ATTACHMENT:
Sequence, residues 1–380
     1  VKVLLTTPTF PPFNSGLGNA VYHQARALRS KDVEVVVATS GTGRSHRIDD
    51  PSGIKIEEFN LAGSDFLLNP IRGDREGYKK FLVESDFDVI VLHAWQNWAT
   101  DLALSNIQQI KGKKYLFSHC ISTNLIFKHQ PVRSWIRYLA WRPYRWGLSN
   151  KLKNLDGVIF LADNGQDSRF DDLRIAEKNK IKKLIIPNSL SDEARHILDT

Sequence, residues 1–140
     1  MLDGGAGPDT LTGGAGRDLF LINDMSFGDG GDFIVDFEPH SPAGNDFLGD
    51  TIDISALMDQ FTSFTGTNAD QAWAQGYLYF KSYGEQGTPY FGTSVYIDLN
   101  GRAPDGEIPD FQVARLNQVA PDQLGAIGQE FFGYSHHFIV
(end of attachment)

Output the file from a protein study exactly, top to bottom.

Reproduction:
Sequence, residues 1–380
     1  VKVLLTTPTF PPFNSGLGNA VYHQARALRS KDVEVVVATS GTGRSHRIDD
    51  PSGIKIEEFN LAGSDFLLNP IRGDREGYKK FLVESDFDVI VLHAWQNWAT
   101  DLALSNIQQI KGKKYLFSHC ISTNLIFKHQ PVRSWIRYLA WRPYRWGLSN
   151  KLKNLDGVIF LADNGQDSRF DDLRIAEKNK IKKLIIPNSL SDEARHILDT

Sequence, residues 1–140
     1  MLDGGAGPDT LTGGAGRDLF LINDMSFGDG GDFIVDFEPH SPAGNDFLGD
    51  TIDISALMDQ FTSFTGTNAD QAWAQGYLYF KSYGEQGTPY FGTSVYIDLN
   101  GRAPDGEIPD FQVARLNQVA PDQLGAIGQE FFGYSHHFIV